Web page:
Sport Psychology Tips: Helping young athletes identify their feelings before competing
My child get’s very nervous before competing what should I do?
Often when working with young athletes, although it is clear that the child is nervous by the way they behave before a game or match, the parent often doesn’t want to broach the subject for fear of putting them off or because they “don’t do emotions.” This approach is unhelpful for the child. As is sarcasm, which I’ve witnessed on numerous occasions. When a coach or parent has noticed that a child is acting in a certain way because of nerves and they go on to make fun of them.
Approaching a competitive event in a calm and confident manner is important for any athlete, young or old, to compete at their best. For a child to be able to understand how to be calm and confident when they play sport they need to be able to recognize different feelings that they experience before they compete. So go on, follow these steps to help your young athlete.
In the car before a game or event don’t be afraid to ask your child how they are feeling. Be careful not to put words in their mouth at this stage, step back and give them the opportunity to talk.
Hopefully, they’ll be able to respond to you. Maybe they’ll tell you that they’re excited about playing but also scared about the opposition.
That they have butterflies in their stomach.
Some children may struggle with this, at first, so you may have to offer a few prompts – such as tense, frightened, nervous, excited, calm…. Be careful not to tell them how they feel.
Your role is now to help your child if they’re very worried and provide some emotional support. Try to help them understand where the feeling may have come from.
Perhaps, they’re worried about:
-What other people think
-Whether the coach will pick them for the game
Many young athletes worry about making mistakes and then going on to embarrass themselves in front of friends, team-mates, coaches or yourselves as a parent. Helping them recognise that the expectation to not make mistakes is unrealistic, however, that the anxiety that they are feeling is real.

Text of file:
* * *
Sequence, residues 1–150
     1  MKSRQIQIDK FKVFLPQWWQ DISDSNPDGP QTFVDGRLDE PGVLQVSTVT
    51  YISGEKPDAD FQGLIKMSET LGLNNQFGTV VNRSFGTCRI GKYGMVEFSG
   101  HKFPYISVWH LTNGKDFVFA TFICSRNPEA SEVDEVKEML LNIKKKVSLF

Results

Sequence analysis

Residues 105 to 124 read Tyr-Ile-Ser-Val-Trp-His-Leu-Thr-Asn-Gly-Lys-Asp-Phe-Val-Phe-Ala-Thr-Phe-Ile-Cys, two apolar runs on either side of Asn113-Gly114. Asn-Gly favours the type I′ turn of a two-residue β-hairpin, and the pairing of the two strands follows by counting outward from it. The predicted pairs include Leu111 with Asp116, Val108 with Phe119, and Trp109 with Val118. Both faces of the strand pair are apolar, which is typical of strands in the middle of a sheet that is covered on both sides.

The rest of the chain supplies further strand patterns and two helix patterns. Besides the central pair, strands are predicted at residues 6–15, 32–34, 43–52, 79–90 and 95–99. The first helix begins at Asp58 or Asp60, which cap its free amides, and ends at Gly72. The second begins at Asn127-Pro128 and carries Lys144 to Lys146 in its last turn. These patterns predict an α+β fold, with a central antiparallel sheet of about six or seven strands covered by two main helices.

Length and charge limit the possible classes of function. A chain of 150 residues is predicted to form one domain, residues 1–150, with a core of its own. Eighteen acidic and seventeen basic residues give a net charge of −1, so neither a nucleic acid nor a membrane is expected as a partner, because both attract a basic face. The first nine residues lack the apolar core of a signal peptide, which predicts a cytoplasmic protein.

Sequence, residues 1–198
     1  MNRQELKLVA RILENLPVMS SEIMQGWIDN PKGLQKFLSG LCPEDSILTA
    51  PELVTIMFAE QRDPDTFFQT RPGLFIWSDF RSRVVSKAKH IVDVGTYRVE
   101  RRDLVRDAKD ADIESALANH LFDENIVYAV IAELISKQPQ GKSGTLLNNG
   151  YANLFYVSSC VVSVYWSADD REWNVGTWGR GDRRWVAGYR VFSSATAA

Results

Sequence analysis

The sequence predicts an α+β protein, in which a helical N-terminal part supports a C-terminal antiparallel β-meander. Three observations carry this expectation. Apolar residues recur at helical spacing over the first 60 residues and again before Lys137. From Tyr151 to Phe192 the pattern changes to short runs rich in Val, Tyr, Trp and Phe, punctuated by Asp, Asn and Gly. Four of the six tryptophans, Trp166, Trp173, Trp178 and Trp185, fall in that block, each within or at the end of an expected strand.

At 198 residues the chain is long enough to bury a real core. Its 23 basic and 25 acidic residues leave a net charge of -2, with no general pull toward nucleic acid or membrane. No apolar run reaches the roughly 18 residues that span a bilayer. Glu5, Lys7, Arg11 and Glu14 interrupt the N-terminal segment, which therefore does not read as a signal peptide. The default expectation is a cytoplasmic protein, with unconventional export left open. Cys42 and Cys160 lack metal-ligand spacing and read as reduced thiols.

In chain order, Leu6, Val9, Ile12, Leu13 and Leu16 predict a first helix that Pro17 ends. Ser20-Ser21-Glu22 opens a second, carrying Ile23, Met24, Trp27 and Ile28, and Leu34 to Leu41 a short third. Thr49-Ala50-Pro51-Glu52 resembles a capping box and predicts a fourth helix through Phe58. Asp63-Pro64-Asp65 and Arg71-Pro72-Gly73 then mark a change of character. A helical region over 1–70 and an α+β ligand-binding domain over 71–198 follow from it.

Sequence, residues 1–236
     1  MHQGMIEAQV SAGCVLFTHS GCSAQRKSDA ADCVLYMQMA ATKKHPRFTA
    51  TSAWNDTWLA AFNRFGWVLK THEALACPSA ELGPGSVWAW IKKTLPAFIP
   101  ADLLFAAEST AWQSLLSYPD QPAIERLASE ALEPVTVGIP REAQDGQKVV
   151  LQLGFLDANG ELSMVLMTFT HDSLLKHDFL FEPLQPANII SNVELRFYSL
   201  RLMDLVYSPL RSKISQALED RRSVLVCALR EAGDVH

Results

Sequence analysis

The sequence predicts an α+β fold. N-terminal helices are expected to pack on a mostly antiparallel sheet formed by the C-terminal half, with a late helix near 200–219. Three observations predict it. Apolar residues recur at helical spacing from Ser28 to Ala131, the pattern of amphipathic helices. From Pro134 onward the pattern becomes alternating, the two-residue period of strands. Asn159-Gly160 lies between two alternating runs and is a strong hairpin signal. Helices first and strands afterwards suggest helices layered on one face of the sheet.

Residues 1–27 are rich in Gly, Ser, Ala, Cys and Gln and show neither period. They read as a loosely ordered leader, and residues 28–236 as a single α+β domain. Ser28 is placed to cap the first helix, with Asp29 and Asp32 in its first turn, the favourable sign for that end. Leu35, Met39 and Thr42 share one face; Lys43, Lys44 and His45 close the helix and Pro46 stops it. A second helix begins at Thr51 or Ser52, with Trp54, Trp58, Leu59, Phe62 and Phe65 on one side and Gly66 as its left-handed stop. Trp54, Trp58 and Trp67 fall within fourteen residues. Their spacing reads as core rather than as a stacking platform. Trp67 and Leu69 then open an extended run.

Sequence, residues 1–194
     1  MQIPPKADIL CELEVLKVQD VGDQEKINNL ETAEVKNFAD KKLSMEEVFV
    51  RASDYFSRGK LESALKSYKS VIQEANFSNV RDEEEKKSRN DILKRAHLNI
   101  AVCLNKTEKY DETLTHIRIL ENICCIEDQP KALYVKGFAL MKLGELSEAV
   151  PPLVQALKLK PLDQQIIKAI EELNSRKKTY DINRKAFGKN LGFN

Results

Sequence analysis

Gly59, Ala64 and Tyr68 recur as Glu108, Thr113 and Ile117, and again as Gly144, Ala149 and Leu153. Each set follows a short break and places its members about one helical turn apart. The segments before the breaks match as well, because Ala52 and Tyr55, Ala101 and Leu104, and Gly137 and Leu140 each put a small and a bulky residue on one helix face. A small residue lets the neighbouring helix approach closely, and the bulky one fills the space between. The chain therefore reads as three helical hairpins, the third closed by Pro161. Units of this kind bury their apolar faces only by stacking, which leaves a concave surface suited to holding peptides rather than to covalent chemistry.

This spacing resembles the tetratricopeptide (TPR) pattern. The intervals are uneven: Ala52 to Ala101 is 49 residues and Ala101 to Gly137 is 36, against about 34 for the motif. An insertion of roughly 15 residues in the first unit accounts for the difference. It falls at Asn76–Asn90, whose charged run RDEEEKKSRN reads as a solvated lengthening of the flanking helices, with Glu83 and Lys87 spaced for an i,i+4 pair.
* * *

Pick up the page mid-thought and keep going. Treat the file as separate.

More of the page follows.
5 Tips to help young athletes refocus when fear of failure is a problem
- Ask them: What will happen if they make a mistake. Then discuss when they do make a mistake how they could react to it. Let them do most of the talking, always be patient and supportive.
- Create a strategy together before games or events so that they can have some time to relax. Perhaps listening to their favourite music or having fun with their friends is an option to distract them.
- Encourage them to have some fun and not take the build up too seriously
- Help them stay in the moment. If you’re aware of relaxation strategies, such as concentrating on breathing, scanning the environment or centering. You could do the exercises, together, as a sport parent you’ll probably be experiencing some anxiety too, as is often the case, so this may help you too.
- They could listen to a pre-recorded visualisation audio that helps them relax and see themselves performing different skills well.
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